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Using an age-at-onset phenotype with interval censoring to compare methods of segregation and linkage analysis in a candidate region for elevated systolic blood pressure.

Abstract : BACKGROUND: Genetic studies of complex disorders such as hypertension often utilize families selected for this outcome, usually with information obtained at a single time point. Since age-at-onset for diagnosed hypertension can vary substantially between individuals, a phenotype based on long-term follow up in unselected families can yield valuable insights into this disorder for the general population. METHODS: Genetic analyses were conducted using 2884 individuals from the largest 330 families of the Framingham Heart Study. A longitudinal phenotype was constructed using the age at an examination when systolic blood pressure (SBP) first exceeds 139 mm Hg. An interval for age-at-onset was created, since the exact time of onset was unknown. Time-fixed (sex, study cohort) and time-varying (body mass index, daily cigarette and alcohol consumption) explanatory variables were included. RESULTS: Segregation analysis for a major gene effect demonstrated that the major gene effect parameter was sensitive to the choice for age-at-onset. Linkage analyses for age-at-onset were conducted using 1537 individuals in 52 families. Evidence for putative genes identified on chromosome 17 in a previous linkage study using a quantitative SBP phenotype for these data was not confirmed. CONCLUSIONS: Interval censoring for age-at-onset should not be ignored. Further research is needed to explain the inconsistent segregation results between the different age-at-onset models (regressive threshold and proportional hazards) as well as the inconsistent linkage results between the longitudinal phenotypes (age-at-onset and quantitative).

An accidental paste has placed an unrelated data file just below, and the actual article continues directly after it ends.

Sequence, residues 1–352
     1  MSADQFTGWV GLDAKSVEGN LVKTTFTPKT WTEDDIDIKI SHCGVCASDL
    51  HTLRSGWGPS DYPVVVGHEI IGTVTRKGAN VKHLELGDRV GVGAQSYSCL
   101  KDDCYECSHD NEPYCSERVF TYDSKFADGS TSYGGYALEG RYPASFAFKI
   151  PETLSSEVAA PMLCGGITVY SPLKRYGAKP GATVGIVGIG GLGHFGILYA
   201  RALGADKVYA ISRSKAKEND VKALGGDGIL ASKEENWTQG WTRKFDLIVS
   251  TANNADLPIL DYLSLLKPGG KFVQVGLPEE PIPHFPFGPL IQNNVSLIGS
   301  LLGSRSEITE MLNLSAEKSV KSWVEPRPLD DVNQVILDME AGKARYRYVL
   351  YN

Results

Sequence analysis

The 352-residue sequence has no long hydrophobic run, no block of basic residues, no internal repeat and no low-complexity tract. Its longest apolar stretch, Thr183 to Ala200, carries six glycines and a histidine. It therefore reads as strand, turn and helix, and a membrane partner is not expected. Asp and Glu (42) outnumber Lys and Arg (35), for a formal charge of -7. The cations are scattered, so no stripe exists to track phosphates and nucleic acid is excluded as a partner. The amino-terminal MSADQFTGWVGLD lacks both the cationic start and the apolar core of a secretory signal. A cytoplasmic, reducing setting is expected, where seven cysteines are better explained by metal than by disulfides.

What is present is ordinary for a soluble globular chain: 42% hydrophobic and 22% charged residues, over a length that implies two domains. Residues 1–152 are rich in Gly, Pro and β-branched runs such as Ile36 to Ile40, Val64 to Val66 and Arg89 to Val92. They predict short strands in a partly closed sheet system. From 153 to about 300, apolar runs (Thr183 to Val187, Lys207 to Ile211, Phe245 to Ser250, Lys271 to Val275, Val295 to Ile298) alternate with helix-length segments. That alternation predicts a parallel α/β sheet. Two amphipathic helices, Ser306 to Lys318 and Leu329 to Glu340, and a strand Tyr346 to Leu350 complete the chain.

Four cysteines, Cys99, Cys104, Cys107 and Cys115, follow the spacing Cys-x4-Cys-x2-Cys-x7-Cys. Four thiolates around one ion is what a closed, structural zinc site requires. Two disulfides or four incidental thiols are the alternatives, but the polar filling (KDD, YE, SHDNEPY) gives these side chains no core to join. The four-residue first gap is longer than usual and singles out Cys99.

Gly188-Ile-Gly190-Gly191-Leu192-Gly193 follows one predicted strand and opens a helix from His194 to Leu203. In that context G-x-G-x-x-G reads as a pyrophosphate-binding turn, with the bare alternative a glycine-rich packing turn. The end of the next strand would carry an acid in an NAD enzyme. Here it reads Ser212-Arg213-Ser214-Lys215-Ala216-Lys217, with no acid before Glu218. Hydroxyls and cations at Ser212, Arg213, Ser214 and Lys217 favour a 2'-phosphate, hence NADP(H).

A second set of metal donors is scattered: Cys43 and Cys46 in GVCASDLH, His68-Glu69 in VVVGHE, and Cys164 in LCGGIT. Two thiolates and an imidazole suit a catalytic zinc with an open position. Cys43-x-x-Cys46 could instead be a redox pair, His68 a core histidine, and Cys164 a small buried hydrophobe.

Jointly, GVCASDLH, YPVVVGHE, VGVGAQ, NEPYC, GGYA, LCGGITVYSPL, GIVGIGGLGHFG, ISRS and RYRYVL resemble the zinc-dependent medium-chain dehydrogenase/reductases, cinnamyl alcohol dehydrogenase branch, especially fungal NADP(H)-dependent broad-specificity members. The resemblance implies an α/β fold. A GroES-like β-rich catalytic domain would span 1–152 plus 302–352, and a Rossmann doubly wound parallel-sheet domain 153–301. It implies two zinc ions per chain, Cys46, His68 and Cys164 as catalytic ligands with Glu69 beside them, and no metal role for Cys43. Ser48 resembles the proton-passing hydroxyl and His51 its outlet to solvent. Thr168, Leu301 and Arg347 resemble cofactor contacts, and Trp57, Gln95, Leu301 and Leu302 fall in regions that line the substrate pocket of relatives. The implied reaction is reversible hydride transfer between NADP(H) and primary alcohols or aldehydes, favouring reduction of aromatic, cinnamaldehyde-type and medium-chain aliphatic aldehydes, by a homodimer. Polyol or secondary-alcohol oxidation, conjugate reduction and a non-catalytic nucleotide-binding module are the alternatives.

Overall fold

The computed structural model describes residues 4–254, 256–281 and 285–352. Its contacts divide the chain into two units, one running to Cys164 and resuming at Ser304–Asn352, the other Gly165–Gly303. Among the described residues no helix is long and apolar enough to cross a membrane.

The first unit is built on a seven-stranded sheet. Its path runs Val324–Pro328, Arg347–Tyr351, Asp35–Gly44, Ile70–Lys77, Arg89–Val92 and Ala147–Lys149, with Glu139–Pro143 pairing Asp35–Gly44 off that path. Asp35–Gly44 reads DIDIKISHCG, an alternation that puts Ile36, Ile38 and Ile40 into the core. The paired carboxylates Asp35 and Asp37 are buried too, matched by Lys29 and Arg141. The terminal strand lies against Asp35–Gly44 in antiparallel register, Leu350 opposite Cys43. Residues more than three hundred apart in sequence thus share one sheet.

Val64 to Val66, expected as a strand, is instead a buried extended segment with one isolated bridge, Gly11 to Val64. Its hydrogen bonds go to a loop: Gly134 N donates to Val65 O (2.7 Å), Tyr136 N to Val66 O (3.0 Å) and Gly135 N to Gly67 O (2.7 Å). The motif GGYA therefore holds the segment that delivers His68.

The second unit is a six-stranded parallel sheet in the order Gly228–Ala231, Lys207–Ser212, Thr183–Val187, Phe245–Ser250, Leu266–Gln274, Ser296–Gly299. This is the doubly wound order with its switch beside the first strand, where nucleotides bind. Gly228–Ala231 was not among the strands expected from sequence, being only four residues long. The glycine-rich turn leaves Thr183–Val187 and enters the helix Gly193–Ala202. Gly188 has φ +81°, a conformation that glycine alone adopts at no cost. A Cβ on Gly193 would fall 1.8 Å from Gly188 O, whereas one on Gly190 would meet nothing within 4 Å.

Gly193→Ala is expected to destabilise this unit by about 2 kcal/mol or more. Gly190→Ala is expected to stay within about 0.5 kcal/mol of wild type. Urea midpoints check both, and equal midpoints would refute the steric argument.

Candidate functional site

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Submitted on : Wednesday, November 15, 2006 - 9:17:32 PM
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Karen Kopciuk, Laurent Briollais, Florence Demenais, Shelley Bull. Using an age-at-onset phenotype with interval censoring to compare methods of segregation and linkage analysis in a candidate region for elevated systolic blood pressure.. BMC Genetics, BioMed Central, 2003, 4 Suppl 1, pp.S84. ⟨10.1186/1471-2156-4-S1-S84⟩. ⟨inserm-00113669⟩

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